Joe Biden widens electoral path as Trump campaign threatens recount

Biden extended his lead in Wisconsin and Michigan as counts continued in Pennsylvania, Georgia, Nevada, Arizona and North Carolina

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Vote counting in the US election could continue to the end of the week before either Donald Trump or Joe Biden clinch the Electoral College votes needed to win the presidency.

As of Wednesday morning, the battleground states of Wisconsin, Michigan, Pennsylvania, Georgia, Nevada and Arizona had not been called, leaving both candidates short of the 270 electoral votes required to win. But votes on Wednesday showed Mr Biden with more paths to the presidency than his rival.

Mr Biden was leading in Michigan, Wisconsin, Arizona and Nevada by Wednesday at noon. If his lead holds, Mr Biden could reach the 270 mark even while losing Pennsylvania, North Carolina and Georgia, where Mr Trump is leading at the moment.

But the Biden campaign said in a call with reporters it was confident of winning Pennsylvania, attributing that to more than three million early votes still to be counted.

By Wednesday night, Michigan, Wisconsin, Georgia, Arizona and Pennsylvania should have confirmed results, state officials said. Nevada will not be providing another update until Thursday morning.

"Biden is on track to win this election and he will be the next president of the United States,” Jen O’Malley Dillon, Mr Biden’s campaign manager said on the call on Wednesday.

The Biden campaign appeared bullish about winning Wisconsin and said its lead in Michigan is now “insurmountable” as the African-American vote there leaned heavily in favour of Democrats.

Wisconsin Elections Commission administrator Meagan Wolfe told NBC news that all the ballots have been counted, as Mr Biden was leading by more than 20,000 votes there. But no major projection was made by the networks regarding the state by noon on Wednesday.

But despite a narrowing path for Mr Trump, whereby he would need to win four out of the six contested states to secure a second term, his campaign remained confident about his chances.

"If all legally cast ballots are counted, we believe the president will win," Bill Stepien, Mr Trump's campaign manager said.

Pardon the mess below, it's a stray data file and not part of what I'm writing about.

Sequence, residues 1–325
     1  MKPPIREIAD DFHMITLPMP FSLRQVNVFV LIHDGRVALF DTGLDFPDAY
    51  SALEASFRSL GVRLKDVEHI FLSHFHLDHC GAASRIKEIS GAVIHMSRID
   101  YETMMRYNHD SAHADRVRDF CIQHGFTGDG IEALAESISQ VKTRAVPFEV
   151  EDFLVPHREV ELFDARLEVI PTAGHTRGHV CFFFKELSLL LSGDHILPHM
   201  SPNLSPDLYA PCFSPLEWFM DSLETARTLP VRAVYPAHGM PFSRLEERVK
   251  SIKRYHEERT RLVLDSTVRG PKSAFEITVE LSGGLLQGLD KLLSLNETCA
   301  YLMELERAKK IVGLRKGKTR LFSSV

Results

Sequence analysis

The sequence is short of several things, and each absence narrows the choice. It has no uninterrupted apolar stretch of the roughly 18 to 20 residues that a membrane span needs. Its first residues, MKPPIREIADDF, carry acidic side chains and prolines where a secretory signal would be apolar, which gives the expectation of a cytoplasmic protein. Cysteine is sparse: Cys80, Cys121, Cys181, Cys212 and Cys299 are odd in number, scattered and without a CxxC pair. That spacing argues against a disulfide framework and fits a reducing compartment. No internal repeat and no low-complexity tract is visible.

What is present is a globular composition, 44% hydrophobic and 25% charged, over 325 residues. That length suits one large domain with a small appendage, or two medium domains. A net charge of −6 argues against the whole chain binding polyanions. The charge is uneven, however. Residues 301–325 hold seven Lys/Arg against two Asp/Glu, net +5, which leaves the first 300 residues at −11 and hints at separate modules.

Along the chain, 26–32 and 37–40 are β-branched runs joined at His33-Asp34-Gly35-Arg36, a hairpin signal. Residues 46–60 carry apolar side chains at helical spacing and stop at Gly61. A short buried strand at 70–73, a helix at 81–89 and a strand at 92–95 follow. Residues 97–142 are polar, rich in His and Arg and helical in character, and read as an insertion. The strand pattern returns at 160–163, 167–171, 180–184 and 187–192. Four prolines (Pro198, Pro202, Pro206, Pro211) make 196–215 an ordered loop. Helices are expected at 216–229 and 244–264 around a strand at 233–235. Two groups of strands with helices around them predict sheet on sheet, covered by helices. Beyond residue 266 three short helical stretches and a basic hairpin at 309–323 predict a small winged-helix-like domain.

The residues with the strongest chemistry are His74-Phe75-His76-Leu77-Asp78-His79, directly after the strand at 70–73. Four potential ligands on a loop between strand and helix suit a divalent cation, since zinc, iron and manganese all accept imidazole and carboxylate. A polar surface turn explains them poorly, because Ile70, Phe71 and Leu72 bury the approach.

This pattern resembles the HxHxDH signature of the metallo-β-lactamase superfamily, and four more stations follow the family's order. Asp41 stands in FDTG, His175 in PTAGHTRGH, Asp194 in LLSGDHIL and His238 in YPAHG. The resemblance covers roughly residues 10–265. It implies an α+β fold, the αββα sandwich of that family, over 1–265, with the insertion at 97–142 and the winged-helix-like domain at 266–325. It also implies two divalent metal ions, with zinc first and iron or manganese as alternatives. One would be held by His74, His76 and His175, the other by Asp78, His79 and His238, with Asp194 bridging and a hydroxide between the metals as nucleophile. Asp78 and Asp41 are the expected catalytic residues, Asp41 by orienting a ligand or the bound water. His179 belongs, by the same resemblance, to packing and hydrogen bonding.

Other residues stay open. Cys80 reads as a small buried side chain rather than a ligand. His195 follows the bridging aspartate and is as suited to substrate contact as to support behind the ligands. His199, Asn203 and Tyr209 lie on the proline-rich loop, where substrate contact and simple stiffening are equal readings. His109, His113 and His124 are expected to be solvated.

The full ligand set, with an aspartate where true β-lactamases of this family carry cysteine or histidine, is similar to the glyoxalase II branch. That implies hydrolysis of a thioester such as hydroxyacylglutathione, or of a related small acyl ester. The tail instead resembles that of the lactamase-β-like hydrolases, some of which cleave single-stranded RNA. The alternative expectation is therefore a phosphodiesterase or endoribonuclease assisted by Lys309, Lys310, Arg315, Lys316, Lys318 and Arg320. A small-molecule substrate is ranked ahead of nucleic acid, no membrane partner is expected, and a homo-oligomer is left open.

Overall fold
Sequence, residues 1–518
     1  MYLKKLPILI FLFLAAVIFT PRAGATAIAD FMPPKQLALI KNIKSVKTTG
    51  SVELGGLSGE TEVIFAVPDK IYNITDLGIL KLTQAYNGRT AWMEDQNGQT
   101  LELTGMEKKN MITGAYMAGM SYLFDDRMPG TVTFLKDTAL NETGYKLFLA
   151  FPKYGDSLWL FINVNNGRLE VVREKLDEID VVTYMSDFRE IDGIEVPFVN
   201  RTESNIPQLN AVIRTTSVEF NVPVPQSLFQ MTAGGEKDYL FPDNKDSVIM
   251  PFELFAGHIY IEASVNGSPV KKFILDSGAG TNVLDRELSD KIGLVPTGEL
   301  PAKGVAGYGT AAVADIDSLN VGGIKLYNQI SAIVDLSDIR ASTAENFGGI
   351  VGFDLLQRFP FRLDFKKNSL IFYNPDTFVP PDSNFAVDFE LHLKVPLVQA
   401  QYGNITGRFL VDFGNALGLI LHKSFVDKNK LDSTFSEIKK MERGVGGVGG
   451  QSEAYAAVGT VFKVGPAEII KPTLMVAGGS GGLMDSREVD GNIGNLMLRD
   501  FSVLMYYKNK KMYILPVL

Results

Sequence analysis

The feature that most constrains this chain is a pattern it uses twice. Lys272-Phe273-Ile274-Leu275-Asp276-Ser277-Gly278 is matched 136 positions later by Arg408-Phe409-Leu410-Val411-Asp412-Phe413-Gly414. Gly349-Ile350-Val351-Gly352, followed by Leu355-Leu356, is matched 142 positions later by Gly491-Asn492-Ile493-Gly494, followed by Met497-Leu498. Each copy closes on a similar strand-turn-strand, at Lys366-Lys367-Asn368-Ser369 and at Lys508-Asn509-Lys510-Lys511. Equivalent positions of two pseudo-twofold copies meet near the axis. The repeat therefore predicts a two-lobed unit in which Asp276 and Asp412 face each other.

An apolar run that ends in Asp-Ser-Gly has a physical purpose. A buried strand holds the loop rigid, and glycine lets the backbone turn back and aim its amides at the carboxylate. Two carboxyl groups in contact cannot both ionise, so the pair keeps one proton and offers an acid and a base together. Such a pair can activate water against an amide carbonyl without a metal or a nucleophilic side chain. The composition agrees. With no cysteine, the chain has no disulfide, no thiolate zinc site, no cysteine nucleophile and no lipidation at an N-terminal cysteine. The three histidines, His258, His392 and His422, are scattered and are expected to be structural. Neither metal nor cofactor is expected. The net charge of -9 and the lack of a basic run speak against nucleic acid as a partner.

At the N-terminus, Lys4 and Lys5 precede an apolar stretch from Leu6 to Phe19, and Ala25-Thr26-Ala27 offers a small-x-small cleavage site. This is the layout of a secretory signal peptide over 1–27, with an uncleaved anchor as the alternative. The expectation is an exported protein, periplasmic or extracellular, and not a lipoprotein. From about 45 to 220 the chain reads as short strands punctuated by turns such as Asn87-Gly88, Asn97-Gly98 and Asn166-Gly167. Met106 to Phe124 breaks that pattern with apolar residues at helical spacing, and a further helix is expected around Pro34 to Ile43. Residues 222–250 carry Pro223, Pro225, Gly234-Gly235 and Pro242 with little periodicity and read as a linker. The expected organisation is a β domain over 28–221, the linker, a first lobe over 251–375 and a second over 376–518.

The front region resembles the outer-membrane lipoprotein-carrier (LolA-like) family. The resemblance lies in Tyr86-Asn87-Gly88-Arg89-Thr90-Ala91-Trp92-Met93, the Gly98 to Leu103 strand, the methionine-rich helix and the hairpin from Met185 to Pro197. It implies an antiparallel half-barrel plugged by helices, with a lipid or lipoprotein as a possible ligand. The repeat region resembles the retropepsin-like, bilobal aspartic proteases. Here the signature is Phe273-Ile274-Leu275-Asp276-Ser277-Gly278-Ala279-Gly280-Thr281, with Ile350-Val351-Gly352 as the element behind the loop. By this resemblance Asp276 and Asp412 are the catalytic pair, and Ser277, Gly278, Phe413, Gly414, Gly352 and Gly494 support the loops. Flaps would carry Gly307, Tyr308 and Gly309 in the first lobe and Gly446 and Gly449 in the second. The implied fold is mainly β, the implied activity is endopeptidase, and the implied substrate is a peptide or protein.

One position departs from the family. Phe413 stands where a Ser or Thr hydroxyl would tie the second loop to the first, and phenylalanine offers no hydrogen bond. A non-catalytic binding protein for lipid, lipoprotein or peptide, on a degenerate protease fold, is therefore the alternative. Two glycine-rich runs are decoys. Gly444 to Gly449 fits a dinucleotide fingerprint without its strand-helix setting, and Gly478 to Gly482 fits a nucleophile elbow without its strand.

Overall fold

He remained confident in the president’s chances to take Wisconsin, Michigan, Georgia and Nevada.

Mr Stepien said Wisconsin was headed to "recount territory.”

But even former Republican governor of Wisconsin, Scott Walker, regarded a recount as unlikely to change the outcome of the result: “20,000 is a big hurdle,” he tweeted.

Mr Trump’s threat to go to the Supreme Court was rebuffed by the Biden campaign.

The president faces “embarrassing defeat” if he fights the results in the US Supreme Court, the Biden campaign said. Mr Biden said his team will not rest until every vote is counted.

In a tweet that was marked by Twitter as misleading, Mr Trump claimed “surprise ballot dumps” had been taking place.

But even if Mr Biden wins, the result is nowhere near the landslide that many Democrats hoped for.

Even in Senate races, the Democrats have so far failed to pick up enough seats to take the majority.

Republican Senators Mitch McConnell, Joni Ernst, Steve Daines and Lindsey Graham retained their seats in Kentucky, Iowa, Montana and South Carolina respectively.

Democratic Senator of Alabama Doug Jones lost his seat on Tuesday, but Democratic candidates John Hickenlooper and Mark Kelly picked up two seats in Colorado and Arizona.

With Maine and North Carolina still counting, the balance of the Senate is now 47-47. Fifty-one seats are needed for a majority. But, according to projections, the Democrats kept the House of Representatives.

The electoral map shows a better performance for Mr Biden in the Midwest than Hillary Clinton in 2016 but worse in the state of Florida that he lost by half a million votes. If Mr Biden wins Arizona and Georgia it would be the first time since 1992 with Bill Clinton that the Democrats win there.

However, without a Senate majority and a decisive win, Mr Biden will have a major challenge in securing a concession from Mr Trump, healing the nation and dealing with a divided Congress. If the Trump campaign does not secure the 270 electoral votes and enters litigation, the results and the transition to power may not start until December.

Tuesday’s election has been so far symptomatic of a polarised nation and highly divided electorate on the questions of the pandemic, economic recovery, the Supreme Court, racial justice and the way forward. The results from the outstanding states are unlikely to change this situation.